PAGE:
While walking through the neighborhood the other day I was discussing the injustice of the world with our dogs Abby and Hobbes. Specifically, I was pointing out to them that
magazine recently published an issue identifying “The 100 Most Influential People in the World” and had the nerve to leave me off the list.
“Appalling. Simply appalling,” commented Hobbes. This young gentleman has only been a part of our household for a few weeks and is still working on ingratiating
In my “family of origin” we used one particular phrase to describe those people who went to church on Christmas and Easter every year. “C & E Christians?” “Christmas and Easter Christians?” No.
We called them “Religious Fanatics.” It was hard for us to imagine why anybody would go to church that often. Most years--most--we made it for one holiday or the other. That was plenty.
My parents did not dislike the pastors of the church we technically
They were a little short on parent volunteers to help with the kindergarten Valentine’s Day party, so the lovely Mrs. McKinley and I volunteered to join the merriment in our grandson Luke’s room with the stipulation that I not be asked to help with a craft. I don’t do crafts, even at the kindergarten level.
So there I was, assisting at a Cupid Bingo game, helping the young scholars differentiate between the picture of the heart that said “Hug Me” and the picture of
We did a lot of baptisms at the church where I was serving in October 1987. Although we discouraged the practice, there would often be a little honorarium for the pastor after the service. The one I got on October 25 knocked my socks off: tickets to the 7th game of the World Series to be played that night at the Metrodome, matching the Minnesota Twins with the St. Louis Cardinals. After extensive discussion at home, agreement was reached that my son would accompany me to the game.
There we were, seated
My old pal Pastor T. Albert “Tacky” Carlson was in town visiting his in-laws over the holidays, so we got together for a cup of coffee and some catching up. Tacky served at Melanchthon Memorial Lutheran Church down the street before giving up on snow shoveling and taking a call to St. Susan by the Seashore down in Florida a few years ago.
“Not much of a winter you’re having here,” he greeted me, clad in a classic Norwegian winter sweater and slurping on a peppermint
On the refrigerator door at our son’s house there is a family picture drawn by our grandson Luke, who is in kindergarten. There is Mommy and Daddy, his little sister Eliza, Luke himself, and their Jack Russell terrier, identified in the drawing as “Loosee.”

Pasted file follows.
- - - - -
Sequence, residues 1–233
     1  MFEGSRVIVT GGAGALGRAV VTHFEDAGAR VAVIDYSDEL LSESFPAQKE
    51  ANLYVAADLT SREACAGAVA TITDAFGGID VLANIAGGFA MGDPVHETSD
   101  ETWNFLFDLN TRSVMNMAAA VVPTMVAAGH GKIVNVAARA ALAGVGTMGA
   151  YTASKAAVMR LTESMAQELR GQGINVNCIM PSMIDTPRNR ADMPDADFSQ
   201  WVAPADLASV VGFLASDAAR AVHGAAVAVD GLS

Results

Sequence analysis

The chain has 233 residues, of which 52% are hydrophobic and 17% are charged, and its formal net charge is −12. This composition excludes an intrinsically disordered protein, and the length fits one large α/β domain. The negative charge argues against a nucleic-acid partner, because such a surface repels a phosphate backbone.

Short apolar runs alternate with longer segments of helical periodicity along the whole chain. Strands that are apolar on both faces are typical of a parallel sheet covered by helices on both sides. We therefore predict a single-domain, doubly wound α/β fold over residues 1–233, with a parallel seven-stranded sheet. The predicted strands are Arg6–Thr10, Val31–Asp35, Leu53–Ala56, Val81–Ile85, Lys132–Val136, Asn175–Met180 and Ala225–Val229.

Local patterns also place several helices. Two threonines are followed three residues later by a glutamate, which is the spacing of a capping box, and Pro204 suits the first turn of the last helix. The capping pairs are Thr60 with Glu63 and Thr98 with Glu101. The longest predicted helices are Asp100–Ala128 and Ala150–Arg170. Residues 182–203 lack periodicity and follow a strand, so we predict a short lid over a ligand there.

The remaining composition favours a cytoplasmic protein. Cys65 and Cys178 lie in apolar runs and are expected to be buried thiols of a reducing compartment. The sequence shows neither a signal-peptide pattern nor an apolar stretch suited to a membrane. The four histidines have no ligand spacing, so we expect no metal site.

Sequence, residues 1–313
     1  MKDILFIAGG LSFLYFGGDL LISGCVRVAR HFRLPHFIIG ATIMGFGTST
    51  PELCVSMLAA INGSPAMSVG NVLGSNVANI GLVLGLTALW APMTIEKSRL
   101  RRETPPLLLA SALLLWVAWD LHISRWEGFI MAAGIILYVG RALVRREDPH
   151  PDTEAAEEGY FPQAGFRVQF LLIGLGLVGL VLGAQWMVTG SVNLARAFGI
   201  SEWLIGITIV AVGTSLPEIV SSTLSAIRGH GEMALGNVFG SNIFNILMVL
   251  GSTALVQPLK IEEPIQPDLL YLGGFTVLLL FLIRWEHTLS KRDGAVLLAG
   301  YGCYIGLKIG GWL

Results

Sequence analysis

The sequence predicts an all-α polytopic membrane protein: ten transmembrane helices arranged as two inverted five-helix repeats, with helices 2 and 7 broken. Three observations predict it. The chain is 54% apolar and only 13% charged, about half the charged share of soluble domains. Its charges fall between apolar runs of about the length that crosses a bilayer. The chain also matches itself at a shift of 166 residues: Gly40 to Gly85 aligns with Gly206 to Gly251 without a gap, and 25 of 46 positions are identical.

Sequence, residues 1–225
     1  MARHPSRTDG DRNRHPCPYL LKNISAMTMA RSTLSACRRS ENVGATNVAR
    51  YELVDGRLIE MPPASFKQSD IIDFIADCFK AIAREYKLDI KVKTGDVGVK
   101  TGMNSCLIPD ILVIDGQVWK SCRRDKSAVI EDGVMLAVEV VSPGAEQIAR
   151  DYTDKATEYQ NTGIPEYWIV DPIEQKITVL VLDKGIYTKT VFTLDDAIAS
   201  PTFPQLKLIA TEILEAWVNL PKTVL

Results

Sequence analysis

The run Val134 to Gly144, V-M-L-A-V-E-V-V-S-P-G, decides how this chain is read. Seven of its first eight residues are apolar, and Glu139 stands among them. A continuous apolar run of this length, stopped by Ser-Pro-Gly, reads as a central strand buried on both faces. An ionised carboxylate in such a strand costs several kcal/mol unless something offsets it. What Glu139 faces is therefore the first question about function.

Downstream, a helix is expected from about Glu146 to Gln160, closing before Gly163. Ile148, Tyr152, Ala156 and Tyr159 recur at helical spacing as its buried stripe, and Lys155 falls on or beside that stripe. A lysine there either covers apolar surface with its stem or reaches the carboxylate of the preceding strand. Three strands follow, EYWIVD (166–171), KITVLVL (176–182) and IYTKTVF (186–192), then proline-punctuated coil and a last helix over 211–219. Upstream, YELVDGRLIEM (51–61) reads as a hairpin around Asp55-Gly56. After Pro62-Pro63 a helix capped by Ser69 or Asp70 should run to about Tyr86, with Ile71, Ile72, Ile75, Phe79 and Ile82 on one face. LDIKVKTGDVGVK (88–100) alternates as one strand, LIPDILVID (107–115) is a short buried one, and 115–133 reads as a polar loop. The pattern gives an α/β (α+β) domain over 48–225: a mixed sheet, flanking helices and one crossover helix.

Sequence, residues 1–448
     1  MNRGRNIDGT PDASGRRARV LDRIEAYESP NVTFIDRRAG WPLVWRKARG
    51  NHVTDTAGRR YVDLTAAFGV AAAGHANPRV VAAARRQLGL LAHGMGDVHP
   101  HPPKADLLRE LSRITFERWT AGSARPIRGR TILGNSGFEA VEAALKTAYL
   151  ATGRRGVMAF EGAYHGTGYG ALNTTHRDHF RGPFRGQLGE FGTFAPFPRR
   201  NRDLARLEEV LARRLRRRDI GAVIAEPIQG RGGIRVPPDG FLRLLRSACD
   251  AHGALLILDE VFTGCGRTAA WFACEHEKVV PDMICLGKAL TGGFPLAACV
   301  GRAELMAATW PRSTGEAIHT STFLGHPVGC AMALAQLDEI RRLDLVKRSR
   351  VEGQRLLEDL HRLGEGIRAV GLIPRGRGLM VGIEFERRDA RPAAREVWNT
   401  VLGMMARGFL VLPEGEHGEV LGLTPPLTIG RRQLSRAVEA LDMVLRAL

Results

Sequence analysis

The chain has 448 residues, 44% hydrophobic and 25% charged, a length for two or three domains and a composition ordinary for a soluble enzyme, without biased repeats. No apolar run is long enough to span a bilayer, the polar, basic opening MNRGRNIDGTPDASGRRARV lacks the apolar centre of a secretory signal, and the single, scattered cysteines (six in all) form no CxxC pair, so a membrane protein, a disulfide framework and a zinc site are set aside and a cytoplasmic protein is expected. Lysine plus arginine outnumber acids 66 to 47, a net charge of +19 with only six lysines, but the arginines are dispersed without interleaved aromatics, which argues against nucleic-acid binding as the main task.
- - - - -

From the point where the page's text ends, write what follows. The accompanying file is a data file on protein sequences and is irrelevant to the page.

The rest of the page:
Picky persons might want to point out that her name is really spelled “Lucy,” but Luke’s version comes from the concept of “Brave Spelling” being taught to the kindergarteners in Mrs. Meinhardt’s
More intelligent people than yours truly might pick out a little Heidegger for leisure reading, but I go for things like the thrillers penned by
. I’ve read them all.
One of the pleasures of Sandford is that he is Minnesota-centric, with most of the crimes he deals with taking place in the Twin Cities or “Greater Minnesota.” In one of his books some of the action took place about a block from where I really live.
Of course another of the pleasures is in thinking along
“Feedback.” This is a constant aspect of internship. Feedback from supervisor to intern, from intern to supervisor, from lay committee to intern, from intern to lay committee. Sometimes, unfortunately, feedback leads to hard feelings. Sometimes, even more unfortunately, the fear of hard feelings leads people to withhold important feedback.
In a recent “Corner Office” column from the Sunday
New York Times
business section, Adam Bryant interviewed Andrew Thompson, the
I had some business to transact with a large corporation and, reverting to my dinosaur ways, chose to do it by telephone rather than on-line. While I had dealt with this business for several years, I had never created an electronic relationship with them, and doing so at this time—when I was dropping their service—seemed like more trouble than it was worth. So I called.
You know the drill. “Please listen carefully, for the options have changed.” So I listened. And pushed
Funny how things sometimes flow together.
There I was at my desk. I had just read a review of a local performance of one of the great old classic plays of the American theater,
by Thornton Wilder. The dramatic nexus of that play comes when Emily Webb, dead far too soon after her marriage, is given the chance to return to earth to relive one day of the life now ended. She chooses her 12
birthday, but is quickly frustrated by her inability to break through the routine-ness of everyday life